1. PCB assembly: Application of solder paste
First, solder paste (a small grain of solder paste mixed with flux) is applied to the board. For this application, most PCB manufacturers use stencils (available in several sizes, shapes, and specifications all to spec) that only apply the correct amount of solder paste to certain parts of the board.
2. PCB Assembly: Placement of components
Unlike in the past, this stage of the PCB assembly process is now fully automated. Picking and placing of parts, such as surface mount assemblies, was once done manually and is now performed by robotic pick and place machines. These machines place components accurately into pre-planned areas of the board.
3. PCB Assembly: Reflow
Now, the solder paste and all surface mount components are in place. what do you do next Curing the solder paste to the correct specifications is critical to properly adhering PCB components to it. It's this relevant part of the PCB assembly process - reflow soldering. To do this, the component with solder paste and the components on it are passed through a conveyor belt, which passes through an industrial grade reflow oven. A heater in the oven melts the solder in the solder paste. Once melting is complete, the components are again moved on the conveyor belt and exposed to a series of cooler heaters. The purpose of these coolers is to cool the molten solder and allow it to solidify.
4. PCB Assembly: Inspection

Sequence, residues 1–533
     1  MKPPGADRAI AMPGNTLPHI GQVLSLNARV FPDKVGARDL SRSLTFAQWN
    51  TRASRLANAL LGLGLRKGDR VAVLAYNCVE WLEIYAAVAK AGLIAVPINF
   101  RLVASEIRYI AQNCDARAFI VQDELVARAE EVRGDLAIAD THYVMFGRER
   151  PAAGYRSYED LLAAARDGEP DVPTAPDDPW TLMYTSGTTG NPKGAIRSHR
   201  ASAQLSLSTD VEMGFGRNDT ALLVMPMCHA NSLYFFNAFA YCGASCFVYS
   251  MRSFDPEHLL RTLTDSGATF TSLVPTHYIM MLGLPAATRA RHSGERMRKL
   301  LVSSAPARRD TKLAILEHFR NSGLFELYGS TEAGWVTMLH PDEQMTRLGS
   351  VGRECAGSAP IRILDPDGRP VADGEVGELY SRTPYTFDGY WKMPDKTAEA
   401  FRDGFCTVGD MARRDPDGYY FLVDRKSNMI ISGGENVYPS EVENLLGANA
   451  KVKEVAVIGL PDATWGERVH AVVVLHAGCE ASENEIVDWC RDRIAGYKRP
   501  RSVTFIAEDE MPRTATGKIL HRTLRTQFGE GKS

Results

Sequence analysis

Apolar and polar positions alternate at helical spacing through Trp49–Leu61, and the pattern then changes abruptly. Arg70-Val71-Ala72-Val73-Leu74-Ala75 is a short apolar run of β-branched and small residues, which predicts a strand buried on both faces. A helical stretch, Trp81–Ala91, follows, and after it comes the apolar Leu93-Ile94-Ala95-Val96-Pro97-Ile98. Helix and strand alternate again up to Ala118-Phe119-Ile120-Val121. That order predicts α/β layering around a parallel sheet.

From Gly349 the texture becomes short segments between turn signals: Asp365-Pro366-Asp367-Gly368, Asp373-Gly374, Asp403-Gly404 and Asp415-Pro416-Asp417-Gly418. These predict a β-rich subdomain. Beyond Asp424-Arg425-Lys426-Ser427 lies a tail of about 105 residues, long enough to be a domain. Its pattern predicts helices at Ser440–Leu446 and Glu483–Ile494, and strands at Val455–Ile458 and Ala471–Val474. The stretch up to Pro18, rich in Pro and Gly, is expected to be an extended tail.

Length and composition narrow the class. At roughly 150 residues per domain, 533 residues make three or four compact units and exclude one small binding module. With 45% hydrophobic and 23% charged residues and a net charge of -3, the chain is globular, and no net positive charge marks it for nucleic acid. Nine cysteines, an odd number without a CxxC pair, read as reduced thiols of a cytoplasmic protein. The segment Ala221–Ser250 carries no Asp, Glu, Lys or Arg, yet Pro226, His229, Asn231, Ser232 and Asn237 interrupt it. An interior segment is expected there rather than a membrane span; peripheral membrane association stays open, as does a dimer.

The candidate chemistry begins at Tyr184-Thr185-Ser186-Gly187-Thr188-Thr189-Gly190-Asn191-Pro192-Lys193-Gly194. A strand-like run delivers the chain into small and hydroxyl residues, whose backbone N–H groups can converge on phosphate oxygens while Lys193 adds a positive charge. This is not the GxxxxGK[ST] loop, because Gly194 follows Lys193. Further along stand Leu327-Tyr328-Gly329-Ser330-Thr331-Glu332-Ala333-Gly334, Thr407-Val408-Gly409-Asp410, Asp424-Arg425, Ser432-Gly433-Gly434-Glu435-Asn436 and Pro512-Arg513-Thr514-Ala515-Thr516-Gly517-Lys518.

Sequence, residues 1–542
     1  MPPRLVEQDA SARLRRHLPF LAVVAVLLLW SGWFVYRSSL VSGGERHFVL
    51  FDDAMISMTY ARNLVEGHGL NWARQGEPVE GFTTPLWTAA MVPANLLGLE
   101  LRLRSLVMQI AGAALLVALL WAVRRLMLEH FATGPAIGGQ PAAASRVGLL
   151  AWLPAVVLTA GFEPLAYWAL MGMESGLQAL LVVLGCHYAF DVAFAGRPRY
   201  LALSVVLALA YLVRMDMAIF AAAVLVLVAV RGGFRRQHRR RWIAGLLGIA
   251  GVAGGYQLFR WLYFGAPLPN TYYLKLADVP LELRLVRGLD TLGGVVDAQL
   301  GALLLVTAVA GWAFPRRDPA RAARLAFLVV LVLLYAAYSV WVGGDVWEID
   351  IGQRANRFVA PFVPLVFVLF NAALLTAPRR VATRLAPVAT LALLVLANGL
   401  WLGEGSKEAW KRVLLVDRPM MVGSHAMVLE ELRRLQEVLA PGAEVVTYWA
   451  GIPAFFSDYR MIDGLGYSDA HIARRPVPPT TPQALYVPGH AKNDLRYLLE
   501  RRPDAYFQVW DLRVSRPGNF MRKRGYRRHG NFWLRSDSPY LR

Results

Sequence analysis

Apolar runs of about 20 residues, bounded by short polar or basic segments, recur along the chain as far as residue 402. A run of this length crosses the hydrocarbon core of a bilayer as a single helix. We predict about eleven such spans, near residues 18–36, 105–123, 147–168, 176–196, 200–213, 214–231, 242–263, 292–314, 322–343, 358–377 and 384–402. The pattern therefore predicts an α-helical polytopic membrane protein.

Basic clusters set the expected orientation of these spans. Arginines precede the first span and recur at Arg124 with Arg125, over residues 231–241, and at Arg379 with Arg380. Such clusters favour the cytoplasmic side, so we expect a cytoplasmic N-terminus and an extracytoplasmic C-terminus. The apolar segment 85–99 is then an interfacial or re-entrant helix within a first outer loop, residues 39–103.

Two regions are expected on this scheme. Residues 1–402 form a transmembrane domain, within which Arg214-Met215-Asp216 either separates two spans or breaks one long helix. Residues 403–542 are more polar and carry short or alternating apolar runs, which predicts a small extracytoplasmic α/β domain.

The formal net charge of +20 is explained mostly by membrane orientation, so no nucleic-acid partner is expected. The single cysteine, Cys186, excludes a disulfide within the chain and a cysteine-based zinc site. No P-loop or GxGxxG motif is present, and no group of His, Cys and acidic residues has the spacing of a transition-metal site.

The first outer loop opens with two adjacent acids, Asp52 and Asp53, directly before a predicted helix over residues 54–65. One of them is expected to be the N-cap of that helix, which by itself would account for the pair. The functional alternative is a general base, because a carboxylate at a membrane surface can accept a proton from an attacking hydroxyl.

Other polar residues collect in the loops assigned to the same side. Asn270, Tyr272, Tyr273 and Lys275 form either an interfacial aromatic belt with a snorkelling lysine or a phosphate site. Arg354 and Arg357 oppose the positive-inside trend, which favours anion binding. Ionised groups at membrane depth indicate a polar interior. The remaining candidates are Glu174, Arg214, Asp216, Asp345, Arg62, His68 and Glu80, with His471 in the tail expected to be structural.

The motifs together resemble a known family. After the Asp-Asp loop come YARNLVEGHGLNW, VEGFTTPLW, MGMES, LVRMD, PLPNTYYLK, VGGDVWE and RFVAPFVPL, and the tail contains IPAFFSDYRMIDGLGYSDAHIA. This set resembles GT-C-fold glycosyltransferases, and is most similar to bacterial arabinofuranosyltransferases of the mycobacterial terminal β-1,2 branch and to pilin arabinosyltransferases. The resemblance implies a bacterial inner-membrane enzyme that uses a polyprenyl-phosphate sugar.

After the reflow process, the PCB should be inspected to check its functionality. This stage helps identify poor quality connections, misplaced components and shorts due to the continuous movement of the board during reflow. PCB manufacturers employ multiple inspection steps, such as manual inspection, automated optical inspection, and X-ray inspection, to check board functionality, identify lower-quality solder, and find out any potential hazards. Once inspections are complete, the assembly team will make crucial decisions. Often boards are scrapped with several functional errors. On the other hand, if there are minor errors, the board is sent again for rework.
5. PCB assembly: Through-hole component insertion
Certain types of PCBs require the insertion of through-hole components along with regular SMD components, and this stage is dedicated to the insertion of such components. To do this, vias are created with the aid of which PCB components carry signals from one side of the board to the other. PCB through-hole insertion typically utilizes manual or wave soldering to achieve results.
6. PCB Assembly: Final Inspection
Now is the time for a second level inspection. Here, the assembled board is functionally tested, or the PCB is thoroughly inspected to monitor its electrical characteristics, including voltage, current or signal output. Today's manufacturers utilize a variety of advanced testing equipment to help determine the success or failure of a finished board.
7. PCB Assembly: Cleaning
Since the soldering process can leave a lot of flux residue in the PCB, it is critical to thoroughly clean the components before delivering the final board to the customer. To do this, wash the PCBs in deionized water. After the cleaning process, the boards are thoroughly dried using compressed air. The PCB assembly is now ready for customer inspection and inspection. Although the PCB assembly process steps are almost the same for all types of boards, there are still some variations in THT assembly, SMT assembly, and hybrid techniques.